If you’ve worked in the social media marketing world for more than five minutes, you know how most brands treat “engagement” on Twitter.
I’ll simplify: When it comes to engagement, Twitter has become a full-on customer service channel managed by the customer service team.
Just take a peek at Macy’s account:
Pretty typical for a corporate Twitter account in 2019 (at least among larger brands).
There’s not a lot of human touch to responses like this. In fact, it’s pretty close to automated responses via AI at this point (and, in fact, if you DM many brands on Facebook, that’s exactly what you’ll get!).
And, more and more people are turning to social for customer support. 1 in 3 social media users prefer social media customer care services to telephone or email. And an estimated 67% of consumers now use social media networks like Twitter to seek resolution for issues.
Yep, in 2019, brands “engaging” with customers just isn’t as fun and interesting as it was 5-6 years ago. It’s all about customer service.
Enter Target and its branded gifs.
Target has done something brilliant–but exceedingly simple–on Twitter. It’s created a series of branded gifs its community management team can use in a variety of responses to customers. Case in point below.
— Target (@Target) June 17, 2019
Another great example–this “aww” gif, which could be used in a variety of responses:
— Target (@Target) June 17, 2019
What’s so smart about using gifs in responses on Twitter? After all, this isn’t a new concept.
First, because most of the gifs feature actual Target team members (educated guess), they “warm up” the persona of the Target brand on Twitter. It adds a “human-ness” to the brand that’s typically missing in social (sadly). What’s more, the gifs even feature a diverse mix of team members. More proof Target has put a lot of thought behind this.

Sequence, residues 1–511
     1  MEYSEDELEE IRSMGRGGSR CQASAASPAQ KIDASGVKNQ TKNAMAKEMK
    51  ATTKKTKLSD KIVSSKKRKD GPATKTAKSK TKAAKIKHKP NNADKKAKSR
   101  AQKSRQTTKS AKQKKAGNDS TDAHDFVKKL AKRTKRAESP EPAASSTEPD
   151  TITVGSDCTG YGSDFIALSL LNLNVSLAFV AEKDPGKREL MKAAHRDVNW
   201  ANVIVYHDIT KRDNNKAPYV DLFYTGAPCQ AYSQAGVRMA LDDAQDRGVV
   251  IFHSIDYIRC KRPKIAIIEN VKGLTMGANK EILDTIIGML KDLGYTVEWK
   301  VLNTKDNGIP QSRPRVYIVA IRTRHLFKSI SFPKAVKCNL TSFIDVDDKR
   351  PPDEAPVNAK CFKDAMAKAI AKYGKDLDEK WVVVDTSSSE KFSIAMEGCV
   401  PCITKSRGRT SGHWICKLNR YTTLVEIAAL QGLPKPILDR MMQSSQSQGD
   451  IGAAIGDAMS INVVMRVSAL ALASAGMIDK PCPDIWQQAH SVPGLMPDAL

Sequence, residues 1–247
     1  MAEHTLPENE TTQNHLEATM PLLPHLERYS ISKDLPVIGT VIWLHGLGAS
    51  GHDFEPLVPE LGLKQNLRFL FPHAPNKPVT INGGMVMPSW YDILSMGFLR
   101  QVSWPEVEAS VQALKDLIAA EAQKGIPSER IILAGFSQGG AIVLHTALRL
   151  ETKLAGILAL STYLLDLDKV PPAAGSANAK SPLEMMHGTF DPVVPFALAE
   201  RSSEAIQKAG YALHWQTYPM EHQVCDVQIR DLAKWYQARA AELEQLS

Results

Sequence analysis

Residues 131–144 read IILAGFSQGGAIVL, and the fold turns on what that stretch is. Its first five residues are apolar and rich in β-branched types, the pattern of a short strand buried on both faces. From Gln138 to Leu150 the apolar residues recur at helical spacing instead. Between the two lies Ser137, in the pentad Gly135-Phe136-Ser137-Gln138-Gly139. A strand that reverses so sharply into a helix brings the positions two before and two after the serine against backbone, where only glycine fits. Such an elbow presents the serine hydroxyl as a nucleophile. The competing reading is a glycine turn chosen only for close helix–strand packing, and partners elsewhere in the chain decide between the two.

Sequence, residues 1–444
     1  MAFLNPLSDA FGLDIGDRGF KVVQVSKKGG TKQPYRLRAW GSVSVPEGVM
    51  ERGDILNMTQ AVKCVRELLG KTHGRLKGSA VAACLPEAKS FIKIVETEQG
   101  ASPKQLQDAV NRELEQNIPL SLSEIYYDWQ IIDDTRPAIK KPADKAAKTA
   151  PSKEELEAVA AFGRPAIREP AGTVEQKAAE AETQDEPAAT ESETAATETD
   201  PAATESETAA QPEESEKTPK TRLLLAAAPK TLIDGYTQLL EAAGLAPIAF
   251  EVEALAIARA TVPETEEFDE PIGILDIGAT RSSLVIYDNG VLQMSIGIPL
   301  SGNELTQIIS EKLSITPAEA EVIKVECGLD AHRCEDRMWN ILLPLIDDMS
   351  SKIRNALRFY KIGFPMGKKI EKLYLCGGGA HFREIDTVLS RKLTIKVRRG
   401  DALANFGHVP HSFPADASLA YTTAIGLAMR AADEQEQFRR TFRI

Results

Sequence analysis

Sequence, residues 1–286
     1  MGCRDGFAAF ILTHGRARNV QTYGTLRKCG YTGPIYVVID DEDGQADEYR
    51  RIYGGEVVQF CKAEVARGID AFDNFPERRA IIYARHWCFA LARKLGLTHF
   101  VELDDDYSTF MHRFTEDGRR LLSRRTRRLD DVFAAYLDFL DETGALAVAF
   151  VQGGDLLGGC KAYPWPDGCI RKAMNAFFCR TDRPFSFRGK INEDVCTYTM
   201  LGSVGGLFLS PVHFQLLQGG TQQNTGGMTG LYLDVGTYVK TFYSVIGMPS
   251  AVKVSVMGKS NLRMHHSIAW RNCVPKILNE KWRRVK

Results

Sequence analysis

Second, branding gifs makes all the sense in the world. Many brands do use gifs in responses on Twitter–but they’re using existing gifs featuring characters on the Office or the Simpsons (I love a good Mr. Burns gif!).
On the other hand, these are gifs of actual Target team members (again, that’s my guess) so they’re building the brand with every response.
Finally, these gifs were most likely (another educated guess) created in one photo shoot–and I’m also guessing maybe they piggy-backed on an existing photo shoot to grab a slew of these gifs. This way, one simple photo shoot = 15-20 gifs their community team can use for MONTHS afterward. Great use of resources. Great approach to bolster community and engagement.
— Target (@Target) June 15, 2019
They even created a few gifs that were even more generic with no team members–gifs they could use in a wider variety of responses. I like this because it’s yet another content asset for the community team to use for…well…probably more than a year!
Now, the true brilliance of Target using these gifs is this: They don’t use them in every response. In fact, they only use them in roughly 1 in every 15-20 responses. So, they’re unique and special! They easily could use these gifs in responding to many more tweets, but in reserving them for 1-2 responses a day, they’re creating a little bit of exclusivity. Like “we respond with these gifs” every time–you are special to us. That’s personalization 101, folks. That’s what customers want–to feel special.
And Target is nailing it with these branded gifs on Twitter. Kudos!